Breakfast at the Morningstar Inn
Love it or hate it, travel comes with the territory in the PR business, an occupation that has taken up the greater part of my career. Most times the destination is a big city, where we stay at very nice, but impersonal hotels.
Recently, however, a visit to Rodale www.rodale.com publishing brought me to Bethlehem, Pennsylvania, and the Morningstar Inn, a delightful B&B run by affable proprietors Virginia Hadam and her husband, Tim Nickel.
Built in 1915, the house has changed hands over time, reflecting the economy of the country. At one point, it was bought for a dollar during the Great Depression, Virginia explained. The proprietors purchased the house in 2000 and opened in 2001.
“Structurally, the house was in good shape, but cosmetically it needed an upgrade,” Virginia said. “It needed new plumbing, electrical work and air conditioning. Fortunately, Tim had the manual skills to do most of it.”
Both Virginia and Tim came from the world of publishing, Virginia in production and manufacturing; Tim on the computer side. Why did they change careers? “In this business, everyone has a different story about why they chose this path,” Virginia reflected. “For some people, it’s a lifelong dream.” For Virginia, it was an evolution, as she assessed her life and what she wanted to do next.
Virginia is a talented baker and the inn’s breakfasts are exceptional. The meal starts with fresh-squeezed organic fruit juice and a compote of fresh fruit. There are always three different menu choices and a freshly baked surprise as well. The ingredients are locally sourced – seasonal produce, regional bacon and sausages, dairy products and eggs from farmers they know.
As someone who makes fabulous breakfasts seven days a week, I asked Virginia for tips Special Fork readers could use when entertaining at breakfast or brunch. Here’s her advice:
- Plan your menu around what’s in season because seasonal produce will be of the best quality. “The stuff I do isn’t really fancy, but I use the best of whatever is available,” Virginia says. “Right now, I’m serving peaches, blueberries and blackberries. But in the fall and winter, I’ll use local apples, bake them and serve with cream.”
- Bake fresh. “I always bake fresh that morning; it doesn’t taste the same if you bake ahead.”
- If you commit to baking fresh, look for ways to shortcut the prep end so you aren’t spending too much time in the kitchen. For example, she says, “I prepare muffin batter and pour into the muffin tin the night before, cover with plastic wrap and chill overnight; then bake off the next day. I form scones the night before and have them ready to bake in the morning.” Not all recipes will take to overnight refrigeration so test yours first.
- Presentation is important. Virginia likes to make individual servings, which she finds more appealing. “I can bake a classic sour cream coffeecake in a springform pan, but I can also bake them in muffin cups lined with fancy Italian muffin paper cups and make coffee cake muffins.” If you make smaller portions, you’ll have to adjust baking times since smaller sizes take less time to bake.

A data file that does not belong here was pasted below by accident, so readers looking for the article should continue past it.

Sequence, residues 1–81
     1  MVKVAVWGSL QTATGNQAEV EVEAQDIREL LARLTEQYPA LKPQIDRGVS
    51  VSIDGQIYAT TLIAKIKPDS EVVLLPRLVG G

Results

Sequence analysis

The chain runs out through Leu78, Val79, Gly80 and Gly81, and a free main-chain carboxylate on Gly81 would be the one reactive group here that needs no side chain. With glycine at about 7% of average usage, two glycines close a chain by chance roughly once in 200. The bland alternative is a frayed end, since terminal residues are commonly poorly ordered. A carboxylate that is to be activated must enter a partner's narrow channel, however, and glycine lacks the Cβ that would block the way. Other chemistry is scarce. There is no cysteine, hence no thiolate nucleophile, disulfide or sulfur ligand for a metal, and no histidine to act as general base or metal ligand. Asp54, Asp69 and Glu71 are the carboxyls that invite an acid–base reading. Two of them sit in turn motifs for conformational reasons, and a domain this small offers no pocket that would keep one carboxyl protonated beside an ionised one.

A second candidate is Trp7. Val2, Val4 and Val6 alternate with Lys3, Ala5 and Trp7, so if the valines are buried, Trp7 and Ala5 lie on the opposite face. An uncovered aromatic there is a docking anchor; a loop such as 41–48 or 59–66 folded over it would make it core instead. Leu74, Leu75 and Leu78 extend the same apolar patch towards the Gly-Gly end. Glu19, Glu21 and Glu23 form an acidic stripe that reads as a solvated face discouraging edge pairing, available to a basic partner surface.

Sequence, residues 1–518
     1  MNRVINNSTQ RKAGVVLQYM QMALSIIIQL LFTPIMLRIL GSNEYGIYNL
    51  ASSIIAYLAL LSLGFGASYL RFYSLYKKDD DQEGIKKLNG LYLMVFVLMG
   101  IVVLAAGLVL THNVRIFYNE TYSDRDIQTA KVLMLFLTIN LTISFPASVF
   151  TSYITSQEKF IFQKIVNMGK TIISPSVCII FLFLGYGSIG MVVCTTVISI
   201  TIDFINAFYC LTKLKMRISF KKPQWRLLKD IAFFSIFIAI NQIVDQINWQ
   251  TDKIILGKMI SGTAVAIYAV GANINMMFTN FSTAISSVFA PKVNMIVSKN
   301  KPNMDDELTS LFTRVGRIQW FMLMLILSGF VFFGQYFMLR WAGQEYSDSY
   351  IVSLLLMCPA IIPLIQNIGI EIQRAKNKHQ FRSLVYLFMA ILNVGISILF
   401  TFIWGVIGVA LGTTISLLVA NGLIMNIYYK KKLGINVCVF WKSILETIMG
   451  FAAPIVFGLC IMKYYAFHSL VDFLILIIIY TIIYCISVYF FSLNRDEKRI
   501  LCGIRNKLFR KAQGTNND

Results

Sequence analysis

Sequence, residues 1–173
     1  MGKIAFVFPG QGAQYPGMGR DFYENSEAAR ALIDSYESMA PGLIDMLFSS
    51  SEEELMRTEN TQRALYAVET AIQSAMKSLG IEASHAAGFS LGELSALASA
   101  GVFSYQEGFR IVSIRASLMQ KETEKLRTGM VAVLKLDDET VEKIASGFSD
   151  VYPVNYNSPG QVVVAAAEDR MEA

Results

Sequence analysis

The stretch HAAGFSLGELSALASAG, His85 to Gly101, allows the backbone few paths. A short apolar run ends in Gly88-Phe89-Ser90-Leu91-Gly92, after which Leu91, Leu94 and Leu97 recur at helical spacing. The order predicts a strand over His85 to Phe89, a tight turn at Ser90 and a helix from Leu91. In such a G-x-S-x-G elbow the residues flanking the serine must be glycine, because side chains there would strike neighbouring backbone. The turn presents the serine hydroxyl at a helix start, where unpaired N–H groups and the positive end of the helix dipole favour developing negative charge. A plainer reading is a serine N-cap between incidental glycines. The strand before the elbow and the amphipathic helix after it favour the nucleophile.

Here’s Virginia’s recipe for a simple Cheese Soufflé. She makes this so often, she gave me the recipe from memory as we sat in the cozy living room.
To get the best results, you need the right size ramekins or soufflé dish.
The soufflé will rise up and sink quickly, so be sure to have everything set and ready to go. Remove from the oven immediately and whisk to the table.
Makes 4 servings
4 large eggs
½ cup half and half (it must be half and half)
½ teaspoon Italian seasoning
½ teaspoon dry mustard
¼ teaspoon seasoned salt
2 cups roughly shredded hard cheese such as Cheddar, Asiago, Gruyère (about 2 ½ ounces)
Preheat oven to 450°F. Spray with cooking spray four 5-ounce ramekins (capacity is 2/3 cup liquid) or one 6-cup soufflé dish or round baking dish. Combine eggs, half and half, Italian seasoning, dry mustard and seasoned salt In medium bowl and beat with a rotary beater or electric mixer on medium speed, or using a whisk, until the eggs are fully blended so the mixture is one uniform color and there is no separation. About 1½ minutes with an electric mixer.
Pour egg mixture into prepared ramekins, divided equally and filling until slightly more than half full. Divide cheese in four piles and put one cheese pile on the egg mixture in each ramekin. Put ramekins on a baking sheet and slide onto the medium rack of the oven. Close the door and bake for 12 minutes. Do not open the oven door until done. (If made in a soufflé dish, times will be longer – about 5 more minutes; it’s ideal if you have an oven with a glass door so you monitor the baking.) Soufflés should be golden, high and puffy. They will collapse quickly, so serve immediately.
Note: You can cut back the cheese to 1 cup, depending on how "cheesy" you want it.
Recipe from Virginia Hadam, Morningstar Inn, Bethlehem, Pennsylvania
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